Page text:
ERIC Number: ED255047
Record Type: RIE
Publication Date: 1983-Apr
Reference Count: 0
Linguistic and Communicative Competence of Mexican-American Pupils and Their Relation to Motivation, Length of Residence, and Scholastic Achievement. Bilingual Education Paper Series, Vol. 6, No. 9.
Politzer, Robert L.
A study of the interrelationships of linguistic and communicative competence in English and Spanish, self-concept, field-independent cognitive style, and scholastic achievement among Mexican-American pupils at the elementary, junior high, and high school levels found that linguistic and communicative competence were highly related within languages, and communicative abilities were also related across languages. Language dominance varied considerably, depending on whether linguistic or communicative tests were used, with linguistic measures increasing Spanish dominance and communicative tests favoring English dominance. Field independence was found strongly related to all measures except Spanish linguistic competence, with the latter having an expected negative relationship to length of United States residence. Self-concept was strongly related to language tests and academic achievement. English language proficiency, achievement, self-concept, and field independence increased with length of U.S. residence and seemed related to acculturation. English linguistic and communicative competence tests related strongly to global English competence evaluation and quantitative measures of language quality in speech samples. Both communicative and linguistic competence measures are recommended for making educational decisions, as well as research on the relationship of motivation types to achievement and special characteristics of students who adapt well to the U.S. (MSE)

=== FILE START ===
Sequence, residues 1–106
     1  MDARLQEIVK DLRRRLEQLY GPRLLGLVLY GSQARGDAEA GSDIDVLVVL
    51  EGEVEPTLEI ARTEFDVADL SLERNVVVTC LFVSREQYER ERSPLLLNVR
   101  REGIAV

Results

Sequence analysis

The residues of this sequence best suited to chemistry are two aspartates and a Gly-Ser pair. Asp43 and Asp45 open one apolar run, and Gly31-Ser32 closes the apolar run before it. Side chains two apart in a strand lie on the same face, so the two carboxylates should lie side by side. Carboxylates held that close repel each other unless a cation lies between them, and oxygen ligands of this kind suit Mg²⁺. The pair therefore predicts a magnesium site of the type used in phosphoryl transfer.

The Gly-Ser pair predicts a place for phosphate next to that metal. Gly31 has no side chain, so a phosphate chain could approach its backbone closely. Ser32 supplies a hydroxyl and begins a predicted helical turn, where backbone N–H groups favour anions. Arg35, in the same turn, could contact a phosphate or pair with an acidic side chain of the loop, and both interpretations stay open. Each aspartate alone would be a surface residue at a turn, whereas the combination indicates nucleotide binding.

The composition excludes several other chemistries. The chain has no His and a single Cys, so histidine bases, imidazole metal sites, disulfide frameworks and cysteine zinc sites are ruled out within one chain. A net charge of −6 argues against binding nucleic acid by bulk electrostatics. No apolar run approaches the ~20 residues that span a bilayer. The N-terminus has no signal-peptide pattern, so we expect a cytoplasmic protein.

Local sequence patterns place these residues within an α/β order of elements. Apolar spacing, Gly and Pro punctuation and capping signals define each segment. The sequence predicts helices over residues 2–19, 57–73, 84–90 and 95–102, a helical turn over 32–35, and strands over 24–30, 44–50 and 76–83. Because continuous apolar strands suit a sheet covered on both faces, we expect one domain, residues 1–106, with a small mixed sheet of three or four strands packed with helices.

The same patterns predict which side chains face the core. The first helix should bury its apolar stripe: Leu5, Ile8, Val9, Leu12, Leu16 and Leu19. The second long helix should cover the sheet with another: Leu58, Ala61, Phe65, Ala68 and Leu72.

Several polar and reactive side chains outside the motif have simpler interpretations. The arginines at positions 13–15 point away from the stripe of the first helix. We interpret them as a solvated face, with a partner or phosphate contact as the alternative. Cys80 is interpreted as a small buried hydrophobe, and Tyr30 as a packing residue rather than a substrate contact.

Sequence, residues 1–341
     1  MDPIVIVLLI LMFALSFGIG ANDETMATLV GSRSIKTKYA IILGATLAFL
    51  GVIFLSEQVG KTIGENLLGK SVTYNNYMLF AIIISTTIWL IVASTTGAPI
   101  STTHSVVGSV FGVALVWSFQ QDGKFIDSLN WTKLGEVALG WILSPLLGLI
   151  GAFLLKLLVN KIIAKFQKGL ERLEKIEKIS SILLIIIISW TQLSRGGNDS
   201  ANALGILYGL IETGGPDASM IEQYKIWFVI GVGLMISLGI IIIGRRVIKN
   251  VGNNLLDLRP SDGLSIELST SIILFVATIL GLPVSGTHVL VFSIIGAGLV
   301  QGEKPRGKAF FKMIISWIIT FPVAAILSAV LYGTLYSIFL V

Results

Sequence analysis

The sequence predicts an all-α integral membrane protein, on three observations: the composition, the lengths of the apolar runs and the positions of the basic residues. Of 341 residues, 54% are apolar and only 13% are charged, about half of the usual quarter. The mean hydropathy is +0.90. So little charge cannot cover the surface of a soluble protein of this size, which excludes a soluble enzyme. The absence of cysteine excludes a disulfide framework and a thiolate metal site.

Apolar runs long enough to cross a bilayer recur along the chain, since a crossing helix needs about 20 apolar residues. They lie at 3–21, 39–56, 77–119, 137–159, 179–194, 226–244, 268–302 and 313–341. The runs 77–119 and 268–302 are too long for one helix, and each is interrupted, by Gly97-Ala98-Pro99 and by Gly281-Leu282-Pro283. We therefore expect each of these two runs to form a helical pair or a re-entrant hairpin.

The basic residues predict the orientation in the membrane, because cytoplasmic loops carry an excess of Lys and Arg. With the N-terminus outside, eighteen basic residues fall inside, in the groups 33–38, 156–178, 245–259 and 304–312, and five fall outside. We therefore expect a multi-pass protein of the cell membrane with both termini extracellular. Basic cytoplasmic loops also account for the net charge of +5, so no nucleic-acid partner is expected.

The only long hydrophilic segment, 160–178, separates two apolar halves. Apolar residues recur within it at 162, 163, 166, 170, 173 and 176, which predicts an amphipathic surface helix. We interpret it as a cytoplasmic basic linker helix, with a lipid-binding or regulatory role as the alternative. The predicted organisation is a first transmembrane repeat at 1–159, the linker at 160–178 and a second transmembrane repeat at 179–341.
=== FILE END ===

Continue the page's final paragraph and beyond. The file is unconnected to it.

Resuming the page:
Publication Type: Reports - Research
Education Level: N/A
Sponsor: Office of Bilingual Education and Minority Languages Affairs (ED), Washington, DC.
Authoring Institution: California State Univ., Los Angeles. Evaluation, Dissemination and Assessment Center.